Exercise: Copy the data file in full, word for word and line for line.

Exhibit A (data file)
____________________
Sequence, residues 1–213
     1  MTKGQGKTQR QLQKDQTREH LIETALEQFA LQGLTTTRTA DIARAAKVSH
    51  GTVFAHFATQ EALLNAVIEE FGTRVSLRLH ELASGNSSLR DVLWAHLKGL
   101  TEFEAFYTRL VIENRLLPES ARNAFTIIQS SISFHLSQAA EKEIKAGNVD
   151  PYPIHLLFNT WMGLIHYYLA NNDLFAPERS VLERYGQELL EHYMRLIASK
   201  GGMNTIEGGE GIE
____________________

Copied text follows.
Sequence, residues 1–213
     1  MTKGQGKTQR QLQKDQTREH LIETALEQFA LQGLTTTRTA DIARAAKVSH
    51  GTVFAHFATQ EALLNAVIEE FGTRVSLRLH ELASGNSSLR DVLWAHLKGL
   101  TEFEAFYTRL VIENRLLPES ARNAFTIIQS SISFHLSQAA EKEIKAGNVD
   151  PYPIHLLFNT WMGLIHYYLA NNDLFAPERS VLERYGQELL EHYMRLIASK
   201  GGMNTIEGGE GIE